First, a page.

The Tongariro Alpine Crossing has been called one of the world’s best day hikes. It winds between two recently active volcanoes, Mt. Tongariro and Mt. Ngauruhoe, and passes bright blue lakes, steaming vents in the earth’s surface, and eerie black lava fields. To many people, doing the crossing is a no-brainer if you’re passing through the central North Island of New Zealand.
For us, it was a slightly…different experience.
The afternoon before we planned to do the hike, we arrived at our campground near Tongariro National Park to find that everything around us was wreathed in mist; the peaks were invisible. We had carefully chosen our day for the crossing based on a forecast of “partly cloudy,” and sure enough, before sunset the clouds lifted a bit to reveal a slope that seemed like a living thing–everywhere you looked, steam curled and billowed from vents among the rocks. We were optimistic that the remaining clouds would break up and blow away overnight.
Instead, we spent most of the night wide awake, listening to torrential rain pound the roof of our van. Sunrise revealed that, while the rain had stopped, the landscape was even gloomier than the previous day. Ben was hopeful that the mist would burn off, so we got on the shuttle that would take us to the trailhead. Occasionally a huge rock or tree would loom up along the side of the road, but other than that there was nothing to see out the window. We arrived at the trailhead, and lacking any other option, began to hike.
At first, Ben’s optimism seemed well-founded, because the mist was lifting. We walked along a stream and as the trail pitched upwards, the black, rocky slopes closed in on both sides–it was like we were hiking into the belly of the volcano. We could see the top of Mt. Ngauruhoe to our right, which had starred as Mount Doom in Lord of the Rings, and it seemed especially forbidding with the cloak of mist around its base.
When we started up a steep section of the trail, my hopes fell. We were walking straight up into a low-lying cloud. Eventually we could only see the rocks on either side of the trail and the only hint that we weren’t alone was the sound of voices all around us; the mist did strange things with noise so every voice sounded much closer than it was. You would hear people approaching for a long time before they actually appeared.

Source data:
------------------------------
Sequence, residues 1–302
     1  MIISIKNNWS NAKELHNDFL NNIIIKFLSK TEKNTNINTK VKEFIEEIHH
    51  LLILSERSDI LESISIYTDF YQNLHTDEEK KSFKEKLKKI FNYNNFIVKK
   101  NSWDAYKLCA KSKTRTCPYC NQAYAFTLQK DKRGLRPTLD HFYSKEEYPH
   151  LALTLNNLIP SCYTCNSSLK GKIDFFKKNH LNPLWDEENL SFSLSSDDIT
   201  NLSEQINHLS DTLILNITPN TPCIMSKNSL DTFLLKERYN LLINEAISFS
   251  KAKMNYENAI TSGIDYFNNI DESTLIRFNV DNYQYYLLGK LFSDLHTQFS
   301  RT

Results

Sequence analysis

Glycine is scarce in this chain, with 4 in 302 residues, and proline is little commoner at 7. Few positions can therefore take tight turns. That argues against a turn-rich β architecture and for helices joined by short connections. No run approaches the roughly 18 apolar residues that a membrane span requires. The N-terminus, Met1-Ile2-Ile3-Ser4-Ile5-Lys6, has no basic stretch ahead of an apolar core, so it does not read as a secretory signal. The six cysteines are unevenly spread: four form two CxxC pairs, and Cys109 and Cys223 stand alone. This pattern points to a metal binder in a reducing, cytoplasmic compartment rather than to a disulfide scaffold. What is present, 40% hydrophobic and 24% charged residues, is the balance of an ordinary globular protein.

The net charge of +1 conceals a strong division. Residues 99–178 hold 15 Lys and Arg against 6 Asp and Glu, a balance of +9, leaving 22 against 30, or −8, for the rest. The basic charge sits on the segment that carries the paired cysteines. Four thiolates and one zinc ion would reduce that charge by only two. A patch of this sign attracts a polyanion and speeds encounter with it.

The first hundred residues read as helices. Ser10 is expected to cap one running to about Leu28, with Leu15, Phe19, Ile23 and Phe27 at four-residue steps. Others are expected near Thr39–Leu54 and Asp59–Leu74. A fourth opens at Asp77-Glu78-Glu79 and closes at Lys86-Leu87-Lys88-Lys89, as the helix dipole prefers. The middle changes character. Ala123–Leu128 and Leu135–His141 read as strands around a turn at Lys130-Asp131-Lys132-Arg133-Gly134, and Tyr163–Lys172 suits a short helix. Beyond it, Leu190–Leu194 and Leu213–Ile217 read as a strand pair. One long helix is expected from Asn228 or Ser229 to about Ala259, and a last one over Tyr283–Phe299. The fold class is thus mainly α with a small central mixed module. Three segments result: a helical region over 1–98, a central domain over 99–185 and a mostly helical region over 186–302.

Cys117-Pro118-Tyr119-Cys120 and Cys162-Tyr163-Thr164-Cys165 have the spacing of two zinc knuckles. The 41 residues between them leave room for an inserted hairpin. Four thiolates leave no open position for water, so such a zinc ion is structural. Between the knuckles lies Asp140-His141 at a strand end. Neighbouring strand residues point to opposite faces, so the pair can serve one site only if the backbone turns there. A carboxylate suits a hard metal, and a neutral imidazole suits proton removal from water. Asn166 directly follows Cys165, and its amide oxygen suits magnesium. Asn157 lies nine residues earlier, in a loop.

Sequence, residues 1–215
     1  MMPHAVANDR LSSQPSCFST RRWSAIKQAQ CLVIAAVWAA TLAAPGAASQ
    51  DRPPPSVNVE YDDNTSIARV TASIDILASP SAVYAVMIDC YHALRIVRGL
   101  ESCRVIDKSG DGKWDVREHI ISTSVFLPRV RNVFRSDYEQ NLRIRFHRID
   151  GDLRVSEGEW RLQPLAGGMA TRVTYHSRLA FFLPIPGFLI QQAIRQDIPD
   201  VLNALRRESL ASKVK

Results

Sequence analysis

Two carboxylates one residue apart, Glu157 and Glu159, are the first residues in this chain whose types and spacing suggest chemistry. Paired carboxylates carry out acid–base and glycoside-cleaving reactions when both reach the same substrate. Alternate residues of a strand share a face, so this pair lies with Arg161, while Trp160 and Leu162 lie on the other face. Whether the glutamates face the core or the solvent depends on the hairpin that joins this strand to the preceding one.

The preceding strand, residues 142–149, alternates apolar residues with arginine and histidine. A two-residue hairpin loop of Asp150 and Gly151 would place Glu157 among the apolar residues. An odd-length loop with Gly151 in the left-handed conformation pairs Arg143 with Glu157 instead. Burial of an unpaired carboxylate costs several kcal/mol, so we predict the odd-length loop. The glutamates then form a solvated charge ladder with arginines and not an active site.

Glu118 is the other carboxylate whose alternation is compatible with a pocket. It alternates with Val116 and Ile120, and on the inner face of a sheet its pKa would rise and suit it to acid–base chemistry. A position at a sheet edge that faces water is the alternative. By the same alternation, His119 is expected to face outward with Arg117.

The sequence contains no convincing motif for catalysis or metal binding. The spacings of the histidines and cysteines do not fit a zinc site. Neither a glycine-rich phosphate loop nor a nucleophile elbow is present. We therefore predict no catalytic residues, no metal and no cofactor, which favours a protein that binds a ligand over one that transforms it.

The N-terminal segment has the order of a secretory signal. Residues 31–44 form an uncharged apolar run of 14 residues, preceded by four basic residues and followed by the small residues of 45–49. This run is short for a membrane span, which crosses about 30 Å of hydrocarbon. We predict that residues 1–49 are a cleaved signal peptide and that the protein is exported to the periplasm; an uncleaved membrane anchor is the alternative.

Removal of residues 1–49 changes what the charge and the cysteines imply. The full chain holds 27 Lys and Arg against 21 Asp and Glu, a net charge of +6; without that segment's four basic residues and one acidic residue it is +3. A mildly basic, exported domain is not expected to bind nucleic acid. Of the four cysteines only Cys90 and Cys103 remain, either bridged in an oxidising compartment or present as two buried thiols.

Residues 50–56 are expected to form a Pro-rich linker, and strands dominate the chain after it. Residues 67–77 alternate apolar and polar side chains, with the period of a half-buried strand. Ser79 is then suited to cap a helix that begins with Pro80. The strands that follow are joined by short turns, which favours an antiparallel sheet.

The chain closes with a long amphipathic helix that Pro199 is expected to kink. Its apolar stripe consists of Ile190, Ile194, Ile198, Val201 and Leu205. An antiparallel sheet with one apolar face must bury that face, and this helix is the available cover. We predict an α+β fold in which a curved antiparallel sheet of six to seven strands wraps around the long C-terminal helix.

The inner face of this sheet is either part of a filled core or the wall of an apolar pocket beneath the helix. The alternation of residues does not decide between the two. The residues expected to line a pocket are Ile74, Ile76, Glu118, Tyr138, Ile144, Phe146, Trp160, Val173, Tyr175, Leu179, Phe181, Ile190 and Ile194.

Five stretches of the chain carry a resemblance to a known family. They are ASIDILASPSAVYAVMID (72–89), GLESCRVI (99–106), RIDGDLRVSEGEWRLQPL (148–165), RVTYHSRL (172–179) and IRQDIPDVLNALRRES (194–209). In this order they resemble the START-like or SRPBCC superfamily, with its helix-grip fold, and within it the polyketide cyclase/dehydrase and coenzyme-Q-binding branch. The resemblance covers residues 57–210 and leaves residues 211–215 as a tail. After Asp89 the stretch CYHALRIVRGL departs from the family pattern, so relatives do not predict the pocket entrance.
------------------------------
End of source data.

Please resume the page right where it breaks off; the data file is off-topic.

Eventually, we reached the top of that first steep ascent and began to cross a huge crater between Mt. Tongariro and Mt. Ngauruhoe. It was like a scene from the moon. The high walls kept some of the clouds at bay, so we could see exactly how immense the crater was. Eventually, we reached the other side and headed back up into the clouds; that was the last clear view we had the whole day.
We soon reached the high point of the trail, just under the summit of Mt. Tongariro. Heading down the steep incline on the other side, we were surprised when out of the mist, an acid-green pool emerged from the mist. Luckily, no amount of cloud cover could obscure the intense color of the Emerald Lakes, one of the most famous sights on the Tongariro Crossing.
We weren’t so lucky at Blue Lake. We peered over the ridgeline and could see nothing but gray in all directions, so we pressed on and began the long, slow descent to the end of the trail. I normally love going downhill, but the mist was playing tricks on us. It felt like hours were passing, but every time I looked at my watch, it had only been a few minutes. With nothing to see but a few feet on either side of the trail, it felt like we were passing the same rocks and patches of grass over and over. My toes began to ache from the repetitive motion of taking a step and sliding forward in my shoes, thanks to the steep incline. The optimism we had felt getting started was long gone; in fact, it felt like we had been walking for days.
Of course, everything comes to an end eventually. It wasn’t even noon when we passed into the jungle on the lower slopes approaching the car park. We reached the end of the trail in five hours, much quicker than we had anticipated, thanks of course to the fact that we had never stopped to take in the (lack of) views. We were both sopping wet from literally walking in the clouds for five hours, so we treated ourselves to a sauna and hot shower at a nearby hotel–maybe the best $10 we’ve spent during the whole of our trip.
All in all, walking for half the day was a much better use of our time than sitting in the car, which is what we normally would have done in bad weather. But I won’t lie, walking 20 kilometers and not seeing any of the views that make this the best one-day hike in New Zealand was a huge disappointment.